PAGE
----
I’m writing this sitting in an airport lounge on my way home from Mystic Seminars, and one of the best weeks of my life as a photographer. I’ve never met a group of such enthusiastic, friendly, talented and inspirational people all in the same place at the same time, sharing the same passion for photography and burning desire to improve their craft.
When I first heard about Mystic Seminars late last year, I couldn’t believe how good value it was – 3 days jammed full of talks from some of the world’s best photographers, all for under $500.
Mystic Seminars began ten years ago as a get together for like-minded photographers wanting to learn, share, network and have fun.
The scale of it appealed to me too – a small, personal event that was as much about networking and socialising as it was about learning.
I’d never been to a photography conference before, so jumped at the chance, despite the fact I live over 12,000kms away in Sydney!
For me, the seminar was purely a chance to listen to all the speakers – I expected nothing more, but how wrong I was…
Mystic Seminars used to be held in Connecticut (hence the name), but for the first time this year, the west coast got lucky with Portland Oregon becoming the new host.
This was my first time to Portland, and I immediately fell in love with it. Downtown is lined with local, independent stores selling high quality good, and delicious restaurants and cafes, all giving the streets real character.
I was also pleasantly surprised at how few people there were at this time of year.
Obviously, visiting downtown only scratches the surface of a city and Portland was no exception. On my last day, my new Mystic friends kindly took me out of the city to the edge of Mt Hood National Forest, to Latourelle Falls which was an incredible experience.
If you like to hike, Portland will keep you very entertained! These photos were taken during an engagement shoot set up by my new friend Robert.
So, what of Mystic Seminars itself? Although the speakers did vary in their ability to provide entertaining and informational talks, each one was definitely passionate about his/her topic.
The common underlying message was simple at its core – shoot from the heart; show only what you want to shoot, and you’ll attract a likeminded clientele, with speakers delving into the ‘how’ and the ‘why’ with varying degrees of success.
Often the speakers’ content overlapped, but this was somewhat inevitable, and on the whole, it was an interesting and inspirational look into the creative minds and workflow of internationally successful photographers.
There was also a smattering of talks that were clearly sponsored, but since the software being introduced (Fundy & Smart Albums) was directly relevant and intrinsically useful to our photography professions, I found it very helpful.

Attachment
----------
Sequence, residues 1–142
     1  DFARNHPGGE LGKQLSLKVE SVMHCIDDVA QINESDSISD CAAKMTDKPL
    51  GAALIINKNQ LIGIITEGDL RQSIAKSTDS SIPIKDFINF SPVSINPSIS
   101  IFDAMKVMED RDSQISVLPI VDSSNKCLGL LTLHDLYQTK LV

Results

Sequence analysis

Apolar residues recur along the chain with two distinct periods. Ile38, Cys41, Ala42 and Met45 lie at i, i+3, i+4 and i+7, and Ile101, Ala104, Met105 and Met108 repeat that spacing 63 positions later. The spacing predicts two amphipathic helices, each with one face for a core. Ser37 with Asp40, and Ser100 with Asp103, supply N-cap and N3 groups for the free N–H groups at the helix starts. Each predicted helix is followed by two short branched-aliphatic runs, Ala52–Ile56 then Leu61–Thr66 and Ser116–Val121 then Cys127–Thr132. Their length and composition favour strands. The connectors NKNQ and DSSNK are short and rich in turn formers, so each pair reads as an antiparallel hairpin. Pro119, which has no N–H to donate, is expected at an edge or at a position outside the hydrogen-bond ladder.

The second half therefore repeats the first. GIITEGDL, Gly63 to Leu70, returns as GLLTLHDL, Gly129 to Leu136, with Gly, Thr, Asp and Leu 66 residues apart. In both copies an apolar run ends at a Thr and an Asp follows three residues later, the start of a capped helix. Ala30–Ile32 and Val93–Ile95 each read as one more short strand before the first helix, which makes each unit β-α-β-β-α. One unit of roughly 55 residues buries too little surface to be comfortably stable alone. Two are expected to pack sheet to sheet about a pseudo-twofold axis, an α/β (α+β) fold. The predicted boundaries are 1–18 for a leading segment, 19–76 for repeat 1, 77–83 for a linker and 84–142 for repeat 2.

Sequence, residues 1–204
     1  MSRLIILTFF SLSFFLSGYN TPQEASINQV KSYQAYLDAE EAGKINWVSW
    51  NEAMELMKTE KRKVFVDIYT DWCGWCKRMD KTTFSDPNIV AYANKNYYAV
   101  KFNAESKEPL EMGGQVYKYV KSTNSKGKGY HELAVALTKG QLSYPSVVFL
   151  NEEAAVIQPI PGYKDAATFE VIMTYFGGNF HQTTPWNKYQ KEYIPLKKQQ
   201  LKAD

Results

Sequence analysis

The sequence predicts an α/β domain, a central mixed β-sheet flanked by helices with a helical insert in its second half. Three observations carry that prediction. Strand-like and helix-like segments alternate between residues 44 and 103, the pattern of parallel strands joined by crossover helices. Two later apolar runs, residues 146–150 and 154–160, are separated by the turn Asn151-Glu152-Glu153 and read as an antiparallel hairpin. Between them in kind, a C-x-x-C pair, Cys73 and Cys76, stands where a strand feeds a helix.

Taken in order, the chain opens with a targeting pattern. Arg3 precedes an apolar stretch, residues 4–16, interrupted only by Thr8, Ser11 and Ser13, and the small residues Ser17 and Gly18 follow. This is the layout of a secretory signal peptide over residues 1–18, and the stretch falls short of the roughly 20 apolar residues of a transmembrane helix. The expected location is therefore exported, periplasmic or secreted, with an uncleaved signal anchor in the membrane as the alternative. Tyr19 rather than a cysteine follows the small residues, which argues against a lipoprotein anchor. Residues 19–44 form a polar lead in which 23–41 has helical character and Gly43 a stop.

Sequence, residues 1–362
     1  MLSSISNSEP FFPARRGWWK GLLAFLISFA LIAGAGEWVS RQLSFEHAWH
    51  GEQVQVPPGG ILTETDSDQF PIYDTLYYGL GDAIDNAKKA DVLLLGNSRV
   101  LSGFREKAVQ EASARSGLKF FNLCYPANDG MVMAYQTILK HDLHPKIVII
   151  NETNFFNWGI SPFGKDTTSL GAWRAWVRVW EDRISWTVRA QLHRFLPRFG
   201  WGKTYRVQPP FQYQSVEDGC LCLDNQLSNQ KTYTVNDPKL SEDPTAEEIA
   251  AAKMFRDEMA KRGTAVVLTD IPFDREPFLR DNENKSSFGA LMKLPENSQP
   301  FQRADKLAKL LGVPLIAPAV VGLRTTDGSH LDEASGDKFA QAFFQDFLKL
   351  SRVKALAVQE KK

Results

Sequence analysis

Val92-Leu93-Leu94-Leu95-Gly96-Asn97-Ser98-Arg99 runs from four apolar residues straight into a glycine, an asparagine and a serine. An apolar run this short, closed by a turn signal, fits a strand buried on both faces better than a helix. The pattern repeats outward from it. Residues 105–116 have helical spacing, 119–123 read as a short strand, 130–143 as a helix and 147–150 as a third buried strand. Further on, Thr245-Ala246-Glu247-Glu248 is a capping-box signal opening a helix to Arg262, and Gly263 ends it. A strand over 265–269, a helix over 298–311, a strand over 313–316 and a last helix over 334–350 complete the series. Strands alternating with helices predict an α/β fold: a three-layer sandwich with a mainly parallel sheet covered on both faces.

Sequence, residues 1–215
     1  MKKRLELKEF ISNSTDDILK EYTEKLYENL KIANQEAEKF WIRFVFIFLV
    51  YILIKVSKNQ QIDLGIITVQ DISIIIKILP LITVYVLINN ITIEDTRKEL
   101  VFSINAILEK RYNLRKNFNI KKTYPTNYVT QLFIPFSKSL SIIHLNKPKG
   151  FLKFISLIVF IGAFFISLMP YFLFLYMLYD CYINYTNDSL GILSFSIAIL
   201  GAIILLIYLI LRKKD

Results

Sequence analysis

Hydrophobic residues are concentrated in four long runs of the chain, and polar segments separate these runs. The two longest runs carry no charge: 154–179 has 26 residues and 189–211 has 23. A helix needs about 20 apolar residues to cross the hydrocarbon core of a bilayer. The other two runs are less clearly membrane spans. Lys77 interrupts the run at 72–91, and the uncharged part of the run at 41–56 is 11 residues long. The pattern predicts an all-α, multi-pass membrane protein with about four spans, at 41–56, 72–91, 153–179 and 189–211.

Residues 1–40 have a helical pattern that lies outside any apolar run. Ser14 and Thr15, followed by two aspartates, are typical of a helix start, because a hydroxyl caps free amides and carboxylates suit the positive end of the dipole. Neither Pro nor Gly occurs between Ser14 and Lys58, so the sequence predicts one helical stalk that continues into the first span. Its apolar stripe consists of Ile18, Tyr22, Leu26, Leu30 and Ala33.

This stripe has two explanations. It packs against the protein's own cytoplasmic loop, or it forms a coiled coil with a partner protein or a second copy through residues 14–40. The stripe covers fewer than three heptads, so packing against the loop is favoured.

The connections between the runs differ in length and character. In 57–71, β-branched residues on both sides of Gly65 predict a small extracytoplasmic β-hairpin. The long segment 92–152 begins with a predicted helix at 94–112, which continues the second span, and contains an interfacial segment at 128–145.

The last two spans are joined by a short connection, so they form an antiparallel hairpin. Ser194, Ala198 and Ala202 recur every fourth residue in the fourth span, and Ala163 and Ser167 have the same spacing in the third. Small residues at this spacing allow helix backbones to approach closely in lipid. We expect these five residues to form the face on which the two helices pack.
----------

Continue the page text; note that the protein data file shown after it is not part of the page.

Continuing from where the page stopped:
Another nice touch was a complimentary camera cleaning service thanks to Nikon and Canon which was very popular.
In retrospect, I would have liked to have seen more non wedding photography related talks. I found the talks on Boudoir (Ewan & Briana), Branding (Alejandro Gomez), Album Sales (Susan Stripling) and Entering Photography Competitions (Blair & Christie) very insightful, and also gave a welcome break from the barrage of incredible wedding photography imagery!
However, it occurred to me soon after the first day that the point of Mystic Seminars was not simply to learn and become inspired from the speakers, as excellent as they were.
The success of Mystic Seminars is the ability to pull together likeminded photography professionals from across the globe (I won the prize for the furthest!) and encourage them to socialise organically. As a result of this natural interaction, we would network and become stronger as artists striving for a common goal.
Banding together, charging ahead.
To encourage socialising, the choice of the Benson Hotel for Mystic Seminars was not made by chance – a hotel not only provided somewhere convenient to lodge attendees visiting from far and wide, but also centralised social activities from day one.
In addition, it was the excellent idea of organiser Walter van Dusen to provide complimentary (and delicious!) lunchtime catering, with the goal of encouraging both attendees and speakers to eat together, literally at the same tables, and socialise as friends.
In fact, at lunch on the first day I discovered that the two guys I was sitting next to (Robert and Sebastien) were both fans of Shotkit, and Sebastien had actually found Robert on Shotkit to shoot his own wedding!
It’s a small world indeed and I’m very happy that people are using Shotkit to discover other photographers, as well as become inspired for their own work.
As a result of this environment that was perfectly conducive to meeting new people, by the closing party on day 3, I felt like I had made over 100 new friends, both wedding photographers in a similar situation to myself, and the world famous speakers who I now consider friends too.
I very much doubt this would have been possible at anywhere other than at Mystic Seminars, and I was genuinely upset to be leaving.
Never would I have thought that creatives in an identical profession could socialise, educate and collaborate so naturally.
Before Mystic Seminars, I thought of other wedding photographers as my competition. Now I think of them as a source of inspiration, support and friendship.
It felt so good to vent about our issues and talk about the commonalities of our work – Banding together, charging ahead.
I caught up with Walter at the end of the seminars to hear his thoughts on how it’d gone, and what we have to look forward to with Mystic Seminars 2016 at the Hilton Hotel in Portland. The interview is totally impromptu and therefore a bit rough around the edges, but I think it serves its job as a raw and honest summary of what Mystic is all about.
I’d really encourage you to make the trip to Portland next year. As Walter says, at Mystic Seminars, everyone is welcome.